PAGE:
Physics Department Seminar
Dr. Karl Landheer
Postdoctoral Fellow, Biomedical Engineering
Columbia University
Tuesday, October 9, 2018

Magnetic resonance spectroscopy:  From basic physics to novel data acquisition strategies

Proton magnetic resonance spectroscopy (MRS) is a powerful noninvasive technique used to measure spatially localized concentration of biomarkers within the brain and body. This technology can be used to map the in vivo metabolic changes across a variety of diseases, such as cancer, multiple sclerosis, and virtually all psychological disorders, making it of use for both basic science researchers and for differentiating between pathologies within the clinic. Although the technology for in vivo MRS has existed for thirty years there is still a need for technical innovations to improve data acquisition and data processing.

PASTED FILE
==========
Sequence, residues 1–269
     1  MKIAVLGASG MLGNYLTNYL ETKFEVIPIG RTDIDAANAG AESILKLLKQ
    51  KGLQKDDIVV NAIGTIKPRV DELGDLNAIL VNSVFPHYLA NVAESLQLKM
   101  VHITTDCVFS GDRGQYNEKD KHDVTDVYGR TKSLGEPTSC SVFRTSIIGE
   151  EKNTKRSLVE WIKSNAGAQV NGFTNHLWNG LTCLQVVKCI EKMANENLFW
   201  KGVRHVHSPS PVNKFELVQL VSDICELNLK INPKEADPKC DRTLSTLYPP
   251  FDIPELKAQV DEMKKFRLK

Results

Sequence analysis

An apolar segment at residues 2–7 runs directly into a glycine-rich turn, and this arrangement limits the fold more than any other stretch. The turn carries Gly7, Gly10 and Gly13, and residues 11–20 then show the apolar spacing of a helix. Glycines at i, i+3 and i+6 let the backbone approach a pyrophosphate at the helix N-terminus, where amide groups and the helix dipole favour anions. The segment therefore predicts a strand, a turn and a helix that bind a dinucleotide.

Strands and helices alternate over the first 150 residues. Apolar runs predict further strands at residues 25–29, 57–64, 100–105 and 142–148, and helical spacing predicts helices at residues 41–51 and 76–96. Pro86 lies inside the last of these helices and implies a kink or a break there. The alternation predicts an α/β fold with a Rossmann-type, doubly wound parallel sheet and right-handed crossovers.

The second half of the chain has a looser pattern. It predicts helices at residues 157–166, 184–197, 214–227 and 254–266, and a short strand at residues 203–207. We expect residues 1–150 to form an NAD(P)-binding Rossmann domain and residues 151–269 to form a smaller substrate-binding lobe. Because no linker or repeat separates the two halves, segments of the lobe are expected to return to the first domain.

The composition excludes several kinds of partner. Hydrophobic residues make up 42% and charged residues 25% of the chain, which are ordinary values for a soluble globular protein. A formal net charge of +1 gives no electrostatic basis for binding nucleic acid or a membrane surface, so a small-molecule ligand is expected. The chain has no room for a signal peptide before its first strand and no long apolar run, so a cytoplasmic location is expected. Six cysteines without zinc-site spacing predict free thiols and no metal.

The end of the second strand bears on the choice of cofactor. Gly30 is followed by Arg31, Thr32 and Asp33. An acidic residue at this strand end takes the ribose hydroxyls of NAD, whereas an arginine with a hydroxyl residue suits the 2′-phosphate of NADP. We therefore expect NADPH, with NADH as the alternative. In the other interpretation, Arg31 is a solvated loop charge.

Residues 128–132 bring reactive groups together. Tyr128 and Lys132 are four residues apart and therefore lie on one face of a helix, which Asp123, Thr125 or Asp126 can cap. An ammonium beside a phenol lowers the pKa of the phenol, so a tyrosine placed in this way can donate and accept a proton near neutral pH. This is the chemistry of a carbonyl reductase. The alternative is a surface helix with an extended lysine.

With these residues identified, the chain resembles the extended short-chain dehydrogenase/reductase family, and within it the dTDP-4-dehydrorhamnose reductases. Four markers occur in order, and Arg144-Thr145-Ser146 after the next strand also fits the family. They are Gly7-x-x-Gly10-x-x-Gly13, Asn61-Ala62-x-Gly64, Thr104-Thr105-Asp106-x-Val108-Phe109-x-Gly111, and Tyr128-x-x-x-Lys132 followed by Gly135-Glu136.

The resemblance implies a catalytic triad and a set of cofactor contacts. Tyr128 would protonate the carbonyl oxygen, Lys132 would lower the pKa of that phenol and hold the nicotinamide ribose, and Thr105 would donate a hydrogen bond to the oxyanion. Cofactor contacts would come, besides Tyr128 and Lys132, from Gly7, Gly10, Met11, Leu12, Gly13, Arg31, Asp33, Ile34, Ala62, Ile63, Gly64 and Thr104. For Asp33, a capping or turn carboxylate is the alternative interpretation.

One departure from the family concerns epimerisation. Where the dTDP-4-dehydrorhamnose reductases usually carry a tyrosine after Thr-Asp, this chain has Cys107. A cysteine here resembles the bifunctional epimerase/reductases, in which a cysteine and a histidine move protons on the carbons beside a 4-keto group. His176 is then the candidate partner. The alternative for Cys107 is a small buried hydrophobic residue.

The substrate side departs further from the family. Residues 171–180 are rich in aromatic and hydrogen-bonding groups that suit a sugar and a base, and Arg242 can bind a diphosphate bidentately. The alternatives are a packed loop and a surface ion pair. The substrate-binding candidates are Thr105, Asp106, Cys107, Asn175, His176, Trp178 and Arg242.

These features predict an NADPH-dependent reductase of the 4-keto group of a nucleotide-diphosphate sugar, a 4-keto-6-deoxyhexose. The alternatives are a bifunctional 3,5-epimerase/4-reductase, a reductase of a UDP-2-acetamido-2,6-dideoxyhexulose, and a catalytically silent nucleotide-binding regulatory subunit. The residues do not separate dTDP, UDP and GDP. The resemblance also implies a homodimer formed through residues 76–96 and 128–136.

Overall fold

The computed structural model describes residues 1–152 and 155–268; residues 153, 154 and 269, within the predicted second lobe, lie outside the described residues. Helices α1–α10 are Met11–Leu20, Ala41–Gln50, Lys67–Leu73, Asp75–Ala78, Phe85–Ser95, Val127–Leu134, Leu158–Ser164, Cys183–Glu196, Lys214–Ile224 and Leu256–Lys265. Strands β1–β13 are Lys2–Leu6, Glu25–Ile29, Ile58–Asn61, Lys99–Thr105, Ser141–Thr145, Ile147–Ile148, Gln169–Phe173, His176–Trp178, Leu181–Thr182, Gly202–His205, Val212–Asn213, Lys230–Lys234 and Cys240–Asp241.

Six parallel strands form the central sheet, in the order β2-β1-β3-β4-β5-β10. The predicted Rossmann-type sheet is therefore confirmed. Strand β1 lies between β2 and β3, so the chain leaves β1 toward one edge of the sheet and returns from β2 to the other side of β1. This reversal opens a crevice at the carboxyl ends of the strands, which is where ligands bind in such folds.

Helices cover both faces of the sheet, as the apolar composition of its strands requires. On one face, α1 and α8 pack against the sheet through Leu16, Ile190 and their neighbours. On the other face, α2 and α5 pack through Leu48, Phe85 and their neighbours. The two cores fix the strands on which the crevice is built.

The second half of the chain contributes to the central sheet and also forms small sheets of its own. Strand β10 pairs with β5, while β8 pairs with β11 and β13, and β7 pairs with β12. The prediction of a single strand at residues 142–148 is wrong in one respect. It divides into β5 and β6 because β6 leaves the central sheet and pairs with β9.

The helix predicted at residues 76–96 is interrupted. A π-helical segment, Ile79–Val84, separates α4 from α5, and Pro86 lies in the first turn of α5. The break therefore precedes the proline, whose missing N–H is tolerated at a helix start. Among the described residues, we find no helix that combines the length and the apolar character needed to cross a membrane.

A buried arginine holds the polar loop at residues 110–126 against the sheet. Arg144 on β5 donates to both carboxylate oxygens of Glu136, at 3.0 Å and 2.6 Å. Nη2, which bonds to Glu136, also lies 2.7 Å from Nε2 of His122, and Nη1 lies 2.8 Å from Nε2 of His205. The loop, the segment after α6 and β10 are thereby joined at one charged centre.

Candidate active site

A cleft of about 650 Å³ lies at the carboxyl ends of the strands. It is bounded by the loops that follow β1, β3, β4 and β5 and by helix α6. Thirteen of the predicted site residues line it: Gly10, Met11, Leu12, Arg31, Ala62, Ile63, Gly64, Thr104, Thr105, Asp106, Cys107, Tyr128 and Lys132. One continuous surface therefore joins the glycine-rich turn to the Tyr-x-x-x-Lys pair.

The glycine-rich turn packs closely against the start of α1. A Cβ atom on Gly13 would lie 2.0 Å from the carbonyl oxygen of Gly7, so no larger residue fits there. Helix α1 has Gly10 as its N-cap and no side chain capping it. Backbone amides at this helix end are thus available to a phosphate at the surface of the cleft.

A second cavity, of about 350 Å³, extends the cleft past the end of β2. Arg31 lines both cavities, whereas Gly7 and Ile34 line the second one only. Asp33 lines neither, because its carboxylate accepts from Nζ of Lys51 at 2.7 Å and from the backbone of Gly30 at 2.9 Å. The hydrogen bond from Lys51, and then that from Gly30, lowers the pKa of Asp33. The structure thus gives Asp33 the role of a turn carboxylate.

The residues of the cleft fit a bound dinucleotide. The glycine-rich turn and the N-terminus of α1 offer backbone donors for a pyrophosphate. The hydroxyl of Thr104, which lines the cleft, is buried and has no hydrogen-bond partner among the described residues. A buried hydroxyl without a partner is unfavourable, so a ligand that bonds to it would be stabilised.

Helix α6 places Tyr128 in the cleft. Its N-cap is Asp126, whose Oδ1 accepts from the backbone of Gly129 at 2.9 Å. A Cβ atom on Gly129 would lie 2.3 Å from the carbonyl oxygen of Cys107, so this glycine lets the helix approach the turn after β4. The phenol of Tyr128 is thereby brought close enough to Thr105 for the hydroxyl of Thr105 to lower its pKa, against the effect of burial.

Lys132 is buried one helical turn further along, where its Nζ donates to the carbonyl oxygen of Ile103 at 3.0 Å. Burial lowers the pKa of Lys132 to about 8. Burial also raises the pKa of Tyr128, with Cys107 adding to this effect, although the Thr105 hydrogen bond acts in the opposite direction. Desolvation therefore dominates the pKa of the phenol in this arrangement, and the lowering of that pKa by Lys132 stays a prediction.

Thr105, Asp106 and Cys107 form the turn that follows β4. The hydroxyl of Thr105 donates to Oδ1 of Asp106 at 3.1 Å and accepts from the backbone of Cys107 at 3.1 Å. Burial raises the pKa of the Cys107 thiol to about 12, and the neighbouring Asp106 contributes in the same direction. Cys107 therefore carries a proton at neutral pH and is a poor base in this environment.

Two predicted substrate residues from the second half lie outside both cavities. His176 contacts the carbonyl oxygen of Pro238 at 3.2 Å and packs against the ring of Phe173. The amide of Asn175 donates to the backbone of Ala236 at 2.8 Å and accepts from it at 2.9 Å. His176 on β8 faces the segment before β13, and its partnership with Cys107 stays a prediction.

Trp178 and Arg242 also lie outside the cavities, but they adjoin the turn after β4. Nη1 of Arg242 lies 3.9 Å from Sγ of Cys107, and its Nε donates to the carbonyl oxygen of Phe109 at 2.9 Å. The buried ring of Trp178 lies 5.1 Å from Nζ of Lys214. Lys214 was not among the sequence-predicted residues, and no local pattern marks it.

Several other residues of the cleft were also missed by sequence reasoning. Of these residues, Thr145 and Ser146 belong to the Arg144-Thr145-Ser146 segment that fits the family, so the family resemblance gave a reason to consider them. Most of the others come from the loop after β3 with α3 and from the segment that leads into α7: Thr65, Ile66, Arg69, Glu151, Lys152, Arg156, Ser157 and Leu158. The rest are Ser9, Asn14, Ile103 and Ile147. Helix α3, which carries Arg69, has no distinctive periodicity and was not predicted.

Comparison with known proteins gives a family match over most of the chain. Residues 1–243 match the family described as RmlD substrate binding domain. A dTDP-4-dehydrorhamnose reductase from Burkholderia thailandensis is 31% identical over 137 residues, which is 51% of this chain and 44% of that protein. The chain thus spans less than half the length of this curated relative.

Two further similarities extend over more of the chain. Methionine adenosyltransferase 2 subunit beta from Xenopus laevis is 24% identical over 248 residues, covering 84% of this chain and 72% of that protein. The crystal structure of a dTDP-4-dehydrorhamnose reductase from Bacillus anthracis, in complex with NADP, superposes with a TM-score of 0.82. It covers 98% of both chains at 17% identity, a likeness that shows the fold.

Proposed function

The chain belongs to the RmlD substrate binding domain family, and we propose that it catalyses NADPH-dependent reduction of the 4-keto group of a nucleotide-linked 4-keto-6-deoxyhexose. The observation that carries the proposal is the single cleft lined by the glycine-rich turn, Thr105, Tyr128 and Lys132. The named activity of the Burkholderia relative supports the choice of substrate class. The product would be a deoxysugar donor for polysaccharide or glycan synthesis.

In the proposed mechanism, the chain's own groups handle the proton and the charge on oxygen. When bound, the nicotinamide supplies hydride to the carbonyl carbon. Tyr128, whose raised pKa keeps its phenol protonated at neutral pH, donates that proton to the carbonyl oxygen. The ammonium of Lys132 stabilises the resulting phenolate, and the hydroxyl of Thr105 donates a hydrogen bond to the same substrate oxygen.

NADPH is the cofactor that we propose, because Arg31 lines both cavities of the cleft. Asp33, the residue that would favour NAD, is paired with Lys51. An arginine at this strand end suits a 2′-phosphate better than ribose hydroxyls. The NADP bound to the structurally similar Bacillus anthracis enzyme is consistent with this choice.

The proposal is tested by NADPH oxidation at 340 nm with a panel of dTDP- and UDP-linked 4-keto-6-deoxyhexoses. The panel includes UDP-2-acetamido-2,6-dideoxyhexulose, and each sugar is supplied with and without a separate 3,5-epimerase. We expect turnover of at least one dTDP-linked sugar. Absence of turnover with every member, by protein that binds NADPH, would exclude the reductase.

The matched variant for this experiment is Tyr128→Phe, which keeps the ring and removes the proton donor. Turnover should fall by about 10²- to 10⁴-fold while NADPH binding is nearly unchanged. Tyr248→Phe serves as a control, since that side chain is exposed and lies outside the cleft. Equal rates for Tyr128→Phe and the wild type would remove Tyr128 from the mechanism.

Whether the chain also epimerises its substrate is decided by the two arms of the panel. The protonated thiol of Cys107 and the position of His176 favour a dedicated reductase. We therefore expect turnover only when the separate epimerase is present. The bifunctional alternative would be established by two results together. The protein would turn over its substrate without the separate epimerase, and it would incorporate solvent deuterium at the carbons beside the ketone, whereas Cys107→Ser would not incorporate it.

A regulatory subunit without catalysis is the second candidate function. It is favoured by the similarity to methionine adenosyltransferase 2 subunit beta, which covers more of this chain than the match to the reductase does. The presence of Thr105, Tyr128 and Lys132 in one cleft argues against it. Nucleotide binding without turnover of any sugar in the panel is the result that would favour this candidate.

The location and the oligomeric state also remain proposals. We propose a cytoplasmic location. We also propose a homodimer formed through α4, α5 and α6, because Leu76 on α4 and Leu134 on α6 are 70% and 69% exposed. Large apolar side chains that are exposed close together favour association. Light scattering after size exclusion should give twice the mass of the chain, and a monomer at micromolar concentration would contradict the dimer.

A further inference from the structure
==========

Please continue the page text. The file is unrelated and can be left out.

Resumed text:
This talk will encompass the basic physics of MRS, which differs from magnetic resonance imaging (MRI) because unlike the uncoupled spins which generate signal in MRI, MRS obtains signal from spins within metabolites that are coupled, necessitating the use of the quantum mechanical density matrix formalism. Dr. Landheer’s research on software algorithm improvements in data processing, pulse sequence design and novel data acquisition strategies will be discussed, concluding with some applications of MRS and currently unsolved limitations.